I was attracted to the ease of making hummus this way, but of course there is always more than one reason for doing something, and I was really interested to find out that  the process of sprouting grains, legumes and seeds allows a number of "good things" to happen which means that you get food that is better for you, just by the simple process of sprouting....

One thing that happens as part of the sprouting process, is that any phytic acid present in the seed/grain/legume is neutralised.  This is a good thing because phytic acid binds with minerals such as calcium, magnesium, iron, copper and zinc, making it hard to absorb those nutrients.  The process of sprouting also neutralises enzyme inhibitors, making the seed/grain/legume easier to digest.  The complex sugars responsible for the notorious issue of gas-production are also broken down by the sprouting process, making digestion easier.  The vitamin B content is increased by sprouting, and the process of germination also produces vitamin C.  What's not to like about all that?

So, for anyone who's keen to try doing some sprouting (see here for sprouting instructions), please play around with the following recipe.  You can alter ingredient quantities to taste - I like just a tiny bit of tahini, not too much garlic and lots of lemon juice.  You can add cooked pumpkin, kale from your garden, or sun-dried tomatoes, or you can add handfuls of fresh coriander or parsley.  Paprika or cayenne pepper, or even add a dash of balsamic vinegar is also nice.  It's basically all good....




Making Hummus 1


2 Cups of Sprouted Chickpeas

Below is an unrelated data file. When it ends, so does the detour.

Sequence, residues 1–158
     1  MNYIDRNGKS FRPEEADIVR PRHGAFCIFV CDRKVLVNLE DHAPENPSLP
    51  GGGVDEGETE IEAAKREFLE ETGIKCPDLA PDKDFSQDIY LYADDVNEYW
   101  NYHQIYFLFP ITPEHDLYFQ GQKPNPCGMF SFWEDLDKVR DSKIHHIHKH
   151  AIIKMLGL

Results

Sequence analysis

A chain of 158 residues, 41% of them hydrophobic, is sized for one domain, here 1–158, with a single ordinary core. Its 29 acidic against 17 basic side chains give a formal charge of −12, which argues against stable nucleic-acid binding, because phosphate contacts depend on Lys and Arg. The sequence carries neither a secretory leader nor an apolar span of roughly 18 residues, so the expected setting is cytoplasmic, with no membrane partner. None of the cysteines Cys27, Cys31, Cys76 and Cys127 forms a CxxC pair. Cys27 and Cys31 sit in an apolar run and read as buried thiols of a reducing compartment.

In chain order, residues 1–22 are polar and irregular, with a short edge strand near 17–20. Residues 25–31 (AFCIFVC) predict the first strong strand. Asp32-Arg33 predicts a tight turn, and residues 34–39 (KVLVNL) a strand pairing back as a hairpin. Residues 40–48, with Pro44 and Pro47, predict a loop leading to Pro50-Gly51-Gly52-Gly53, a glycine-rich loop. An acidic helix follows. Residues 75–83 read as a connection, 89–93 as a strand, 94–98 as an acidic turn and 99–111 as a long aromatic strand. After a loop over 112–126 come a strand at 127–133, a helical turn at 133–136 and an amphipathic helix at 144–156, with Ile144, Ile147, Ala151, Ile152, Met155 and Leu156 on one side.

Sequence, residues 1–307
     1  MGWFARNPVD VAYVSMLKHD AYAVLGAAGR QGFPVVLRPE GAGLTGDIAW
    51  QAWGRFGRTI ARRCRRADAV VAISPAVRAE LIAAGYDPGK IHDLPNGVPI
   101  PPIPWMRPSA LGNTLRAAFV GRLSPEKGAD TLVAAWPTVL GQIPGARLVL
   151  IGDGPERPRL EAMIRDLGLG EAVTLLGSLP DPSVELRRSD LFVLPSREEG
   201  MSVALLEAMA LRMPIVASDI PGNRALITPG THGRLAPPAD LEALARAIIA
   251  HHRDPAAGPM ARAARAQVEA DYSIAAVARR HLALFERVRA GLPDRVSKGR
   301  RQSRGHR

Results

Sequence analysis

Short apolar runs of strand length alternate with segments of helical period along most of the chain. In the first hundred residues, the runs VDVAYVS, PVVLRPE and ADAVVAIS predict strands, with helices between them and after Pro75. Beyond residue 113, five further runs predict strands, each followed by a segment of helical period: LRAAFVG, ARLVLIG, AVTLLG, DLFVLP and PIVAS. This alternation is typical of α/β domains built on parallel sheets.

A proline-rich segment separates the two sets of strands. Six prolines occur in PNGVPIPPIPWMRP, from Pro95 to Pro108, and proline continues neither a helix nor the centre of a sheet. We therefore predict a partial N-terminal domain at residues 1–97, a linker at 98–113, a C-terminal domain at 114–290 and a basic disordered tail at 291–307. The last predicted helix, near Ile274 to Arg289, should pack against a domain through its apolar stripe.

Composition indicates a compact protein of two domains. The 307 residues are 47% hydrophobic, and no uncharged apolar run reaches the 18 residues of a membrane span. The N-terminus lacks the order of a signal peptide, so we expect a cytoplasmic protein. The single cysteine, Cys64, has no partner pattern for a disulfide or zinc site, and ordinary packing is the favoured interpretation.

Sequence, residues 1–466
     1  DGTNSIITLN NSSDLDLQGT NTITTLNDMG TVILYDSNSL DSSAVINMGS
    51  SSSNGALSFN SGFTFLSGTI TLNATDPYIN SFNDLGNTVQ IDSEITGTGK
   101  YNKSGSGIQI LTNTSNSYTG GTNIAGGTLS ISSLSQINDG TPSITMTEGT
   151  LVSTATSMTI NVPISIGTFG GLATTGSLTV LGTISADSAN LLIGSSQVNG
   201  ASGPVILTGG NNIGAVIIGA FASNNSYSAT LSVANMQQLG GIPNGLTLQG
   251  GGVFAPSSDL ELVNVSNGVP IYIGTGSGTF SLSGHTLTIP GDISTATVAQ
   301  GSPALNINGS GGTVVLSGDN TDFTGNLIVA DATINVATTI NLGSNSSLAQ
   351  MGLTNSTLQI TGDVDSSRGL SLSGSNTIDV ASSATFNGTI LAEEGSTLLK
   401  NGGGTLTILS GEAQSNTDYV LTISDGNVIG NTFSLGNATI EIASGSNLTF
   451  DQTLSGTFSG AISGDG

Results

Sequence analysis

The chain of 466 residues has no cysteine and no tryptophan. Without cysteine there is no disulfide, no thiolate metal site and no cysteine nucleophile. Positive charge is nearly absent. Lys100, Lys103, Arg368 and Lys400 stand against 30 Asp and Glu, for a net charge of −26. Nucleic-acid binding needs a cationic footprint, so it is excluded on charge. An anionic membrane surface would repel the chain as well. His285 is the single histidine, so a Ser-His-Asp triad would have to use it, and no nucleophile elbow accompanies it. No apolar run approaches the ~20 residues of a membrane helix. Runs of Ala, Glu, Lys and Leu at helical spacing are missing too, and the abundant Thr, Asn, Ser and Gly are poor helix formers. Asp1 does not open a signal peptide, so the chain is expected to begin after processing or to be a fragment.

2 Tablespoons of Tahini 
2 Tablespoons of Olive Oil
Lemon Juice to taste - I used two lemons 
2-3 large cloves of Garlic
1 teaspoon of ground Cumin
Salt and pepper to taste
a little water, to thin



Place all ingredients in a blender and blend until the mixture is the consistency you like.  You can leave it a bit chunky and rustic or blend it until it is creamy.  Taste the mixture for flavour and add seasoning to taste.  This is a FLEXIBLE recipe - just mess around with the quantities until you have the flavour you like.  

Making Hummus 2

Fantastic with carrots sticks, breadsticks, or spread on toast.  If you remember to put some more chickpeas to soak, they will be sprouted and ready to make another batch by the time you have gobbled up this batch of hummus!  

New Garden

So after that detour into the land of hummus, back to Valentine's Day.  This Valentine's weekend, as well as loving that special gardener in your life, don't forget to show your garden a bit of love.  Your garden is pretty easy to please!  All you have to do is provide some water, sow a few seeds, water in a bit of fertiliser, turn a bit of compost, do a bit of pest removal or some weeding from time to time and your garden is quite happy to keep providing you with food for your table, flowers for your home, and a fun hobby/pastime/?obsession? 

What are you planning to do in your garden this weekend??